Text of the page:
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    At the Land Legal Group, our Los Angeles family law attorneys know that nearly every aspect of our California clients’ lives changes during their divorces.

    One of the major changes includes the future of your business ownership.

    If one of you is the owner of a successful small business that was not protected using a trust or by creating and signing a prenuptial agreement with your spouse, the company may be considered community property during the divorce proceedings.

    Here is what you need to know about owning a business during a divorce.

    Community Property Rules Apply to Most Assets During a California Divorce

    If you started or acquired a small business during your marriage, your spouse may have a partial interest in the company under California community property laws.

    Judges dividing marital assets will want to equitably distribute the business interests under those laws.

    However, if you used your separate property — which could be money you saved before the marriage or inherited during the marriage — to open and operate the business, you could claim part of its value as your separate property in the divorce.

    If you inherited the business itself, it could be deemed separate property altogether.

    How Can I Protect My Small Business During a California Divorce?

    If you did not protect your business interests through a prenuptial or postnuptial agreement that designated the business as one spouse’s individual property and/or outlines how the business will be handled during a divorce or separation, we may be able to help.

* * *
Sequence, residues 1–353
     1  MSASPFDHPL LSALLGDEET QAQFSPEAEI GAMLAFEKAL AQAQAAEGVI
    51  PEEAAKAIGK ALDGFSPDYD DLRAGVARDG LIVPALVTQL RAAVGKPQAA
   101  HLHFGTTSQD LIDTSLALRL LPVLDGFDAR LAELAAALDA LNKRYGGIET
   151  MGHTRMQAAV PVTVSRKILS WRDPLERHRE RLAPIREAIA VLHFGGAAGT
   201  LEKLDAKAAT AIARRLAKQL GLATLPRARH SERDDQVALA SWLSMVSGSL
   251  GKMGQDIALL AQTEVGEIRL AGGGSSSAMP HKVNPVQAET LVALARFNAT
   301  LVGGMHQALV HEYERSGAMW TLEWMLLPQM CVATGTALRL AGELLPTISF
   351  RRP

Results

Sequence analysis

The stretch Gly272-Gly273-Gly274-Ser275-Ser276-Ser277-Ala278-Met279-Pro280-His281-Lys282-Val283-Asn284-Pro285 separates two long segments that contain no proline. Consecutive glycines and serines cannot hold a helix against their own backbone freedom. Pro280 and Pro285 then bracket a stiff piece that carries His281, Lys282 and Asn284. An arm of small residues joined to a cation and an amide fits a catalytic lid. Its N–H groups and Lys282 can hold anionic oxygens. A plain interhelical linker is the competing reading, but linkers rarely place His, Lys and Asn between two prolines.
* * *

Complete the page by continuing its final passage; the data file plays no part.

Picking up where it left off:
Talk with our skilled Los Angeles family law attorney about your legal rights and options to retain the majority ownership of the company by ensuring the business valuation is fair.

    What is a Business Valuation?

    One of the most important aspects of maintaining your company during a divorce is ensuring that you receive a fair and accurate valuation for your business.

    That includes an overall accounting of the costs and liabilities to operate it, not just the value of an asset or its revenue.

    When the business is not properly appraised, you could risk losing it during the divorce proceedings.

    You may be able to offer your spouse something else of value rather than an ownership interest in the business once you have established a fair market value for the company.

    If you want to protect your business during property division proceedings of a California divorce, we can provide the legal insight you need to make informed decisions during the divorce, so you can maintain the company you have worked so hard to build.

    Contact the Land Legal Group Family Law Attorneys in Los Angeles Today

    Contact our skilled divorce attorneys in Los Angeles County at the Land Legal Group today at (310) 552-3500 to schedule a free consultation to discuss your unique needs and to learn how we can help.


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